after interrogative particle a:
        • a uyd llawn dy got ti uyth? (byd) 'will your bag ever be full?'
      3. after negative particles ny, na:
        • ny allaf (gallu) 'I cannot'
        • na ovyn di (govyn) 'do not ask'
        after affirmative particles neu, ry:
        • ry geveis (caffael) 'I have got'
        after prefixes go-, dy-, di-, etc.
      4. after particle yt:
          yt gaffei (caffael) 'he should get'
      5. after interrogative particles
        • pa, py 'what, why'
          • py liw di? 'why do you colour?'
        • cwt 'where'
          • a wdosti cwd uyd nos yn arhos dyd? (byd) 'and do you know where the night waits for the day?'
      6. after conjunctions
        • pan 'when'
          • pan golles (colles) 'when he lost'
        • tra 'while'
          • tra vwyf (bwyf) 'while I am'
        • yny 'until'
          • yny welas (gwelas) 'until he saw'
      7. forms of bot after nominal predicate:
        • llawen uu y uorwen (bu) 'the maiden was glad'
        • dilesteir uyd dy hynt (byd) 'without hindrance will your journey be'

      Pronouns:

      1. often lenited as subject or object:
        • elwyf ui (mi) 'I might go'
      2. sometimes in apposition:
        • ni a awn, ui a thi (mi) 'we will go, you and me'
      3. after leniting words (cf. Nouns, Adjectives, passim):
        • gwae vi (mi) 'woe is me'
        • neu vinneu (minneu) 'or me'

      II. Spirant mutation occurs in the following situations;

      1. after 3rd singular feminine of pre- and infixed possessive pronouns:
        • y phenn (penn) 'her head'
        • y chlust (clust) 'her ear'
        • y throet (troet) 'her foot'
        • y'w phenn 'to her head'
      2. after numerals:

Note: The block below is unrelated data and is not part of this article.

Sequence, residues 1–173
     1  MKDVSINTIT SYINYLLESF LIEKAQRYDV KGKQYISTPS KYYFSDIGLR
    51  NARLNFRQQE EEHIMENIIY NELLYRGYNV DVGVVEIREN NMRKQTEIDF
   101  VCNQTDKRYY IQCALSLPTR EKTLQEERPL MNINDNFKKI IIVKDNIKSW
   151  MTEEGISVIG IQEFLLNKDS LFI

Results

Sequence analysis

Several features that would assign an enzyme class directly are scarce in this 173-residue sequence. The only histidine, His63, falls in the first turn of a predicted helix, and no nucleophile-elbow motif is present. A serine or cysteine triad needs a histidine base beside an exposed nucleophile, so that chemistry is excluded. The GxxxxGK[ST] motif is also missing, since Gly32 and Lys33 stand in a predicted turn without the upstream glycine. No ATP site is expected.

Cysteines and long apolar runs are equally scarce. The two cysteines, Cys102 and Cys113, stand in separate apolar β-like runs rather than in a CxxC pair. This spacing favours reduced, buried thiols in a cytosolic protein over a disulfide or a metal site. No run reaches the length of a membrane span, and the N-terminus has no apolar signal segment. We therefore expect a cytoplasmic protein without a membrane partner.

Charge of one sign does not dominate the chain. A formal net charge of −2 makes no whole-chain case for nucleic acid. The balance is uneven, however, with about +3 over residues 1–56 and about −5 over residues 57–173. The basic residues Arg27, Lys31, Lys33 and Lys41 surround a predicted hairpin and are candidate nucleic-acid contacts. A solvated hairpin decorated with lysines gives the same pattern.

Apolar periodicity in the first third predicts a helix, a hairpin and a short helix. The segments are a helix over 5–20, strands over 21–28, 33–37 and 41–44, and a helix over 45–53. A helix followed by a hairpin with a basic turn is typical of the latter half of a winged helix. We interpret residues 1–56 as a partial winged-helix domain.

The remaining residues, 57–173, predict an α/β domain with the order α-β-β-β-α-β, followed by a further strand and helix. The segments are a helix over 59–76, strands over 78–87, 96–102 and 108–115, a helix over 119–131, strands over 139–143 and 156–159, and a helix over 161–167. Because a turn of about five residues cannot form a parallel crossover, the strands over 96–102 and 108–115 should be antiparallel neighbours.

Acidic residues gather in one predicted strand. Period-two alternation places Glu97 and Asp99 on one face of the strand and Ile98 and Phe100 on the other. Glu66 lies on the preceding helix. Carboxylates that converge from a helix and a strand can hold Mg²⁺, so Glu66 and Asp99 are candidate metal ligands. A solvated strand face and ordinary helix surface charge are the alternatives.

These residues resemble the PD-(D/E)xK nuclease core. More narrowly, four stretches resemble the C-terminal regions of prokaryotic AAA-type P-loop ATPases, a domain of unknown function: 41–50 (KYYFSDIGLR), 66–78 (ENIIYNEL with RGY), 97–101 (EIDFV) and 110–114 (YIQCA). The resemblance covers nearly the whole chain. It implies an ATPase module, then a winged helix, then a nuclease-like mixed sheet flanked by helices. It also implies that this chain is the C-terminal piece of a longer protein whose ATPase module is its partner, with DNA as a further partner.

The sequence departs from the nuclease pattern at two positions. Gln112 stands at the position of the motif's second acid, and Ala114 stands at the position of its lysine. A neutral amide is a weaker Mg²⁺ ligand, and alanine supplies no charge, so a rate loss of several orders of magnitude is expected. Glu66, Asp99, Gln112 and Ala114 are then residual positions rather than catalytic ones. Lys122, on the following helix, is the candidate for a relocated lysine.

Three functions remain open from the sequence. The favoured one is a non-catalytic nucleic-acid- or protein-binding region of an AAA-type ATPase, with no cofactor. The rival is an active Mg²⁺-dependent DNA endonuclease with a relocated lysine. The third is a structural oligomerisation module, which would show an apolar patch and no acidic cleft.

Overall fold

• tri (3)
          • tri chantref (cantref) 'three cantrefs'
          • tri pheth (peth) 'three things'
        • chwech (6)
          • chwe thorth (torth) 'six loaves'
        • after preposition tra 'over'
          • tra thon (ton) 'over the wave'
          also when used as adverb 'very'
          • tra chas (cas) 'very hateful'
        • after conjunction and preposition ac, a:
          • a chledyf (cledyf) 'with a sword'
          • a thi (ti) 'with you'
          after conjunction no:
          • a dyvu o Vrython
            wr well no Chynon? (Cynon)
            'did there come from the British
            a better man than Chynon?'
          after conjunction na:
          • ny welynt neb ryw dim, na thy, nac aniuel, na mwc, na than, na dyn, na chyuanhed (ty, tan, cyuanhed) 'They could not see any kind of thing, neither house, nor beast, nor smoke, nor fire, nor man, nor dwelling.'
        • after negative particles ny, na (cf. Lenition, Verbs 3)
        • after affirmative particles neu, ry
        • after prefixes go-, di-, dy, etc.
        • after conjunction o:
          • o chigleu (cigleu) 'he has heard'
        • after cw, cwt:
          • cw threwna (trewna) 'where it settles'
          • cwd uyd (byd) 'where it shall be'
          • but also cwt gaffei (caffael) 'where he should get'

      III. Nasal mutation occurs in the following situations:

      1. after preposition yn:
        • ymhob (pob) 'in every'
        • yng Kymraeg (Kymraeg) 'in Wales'
        • yg charchar (carchar) 'in prison'
        • ymhoen (poen) 'in punishment'
      2. after prefixed pronoun fy (vyn):
        • vygkynghor (cynghor) /your counsel'
        • vynhat (tat) 'your father'
        • vymaraf (baraf) 'your beard'
        • vyggwreic (gwreic) 'your wife'
        • vymphen (penn) 'your head'
        • but also vy penn
      3. after some numerals, esp with nouns blyned 'year', diwarnawt 'day', dieu 'day', dyn 'man' and bu 'cow'.
        • seith (7)
        • naw (9)
        • dec (10)
        • deudec (12)
        • pymthec (15)
        • cant (100)
          • deng mlyned 'ten years'
          • dec nieu 'ten days'
          • deudec niwarnawt 'twelve days'
          • can mu 'a hundred cows'
        also by analogy with
        • pump (5)
        • wyth (8)
        • ugeint (20)
        • deugeint (40)
        and occasionally with
        • tri (3)
        • chwech (6)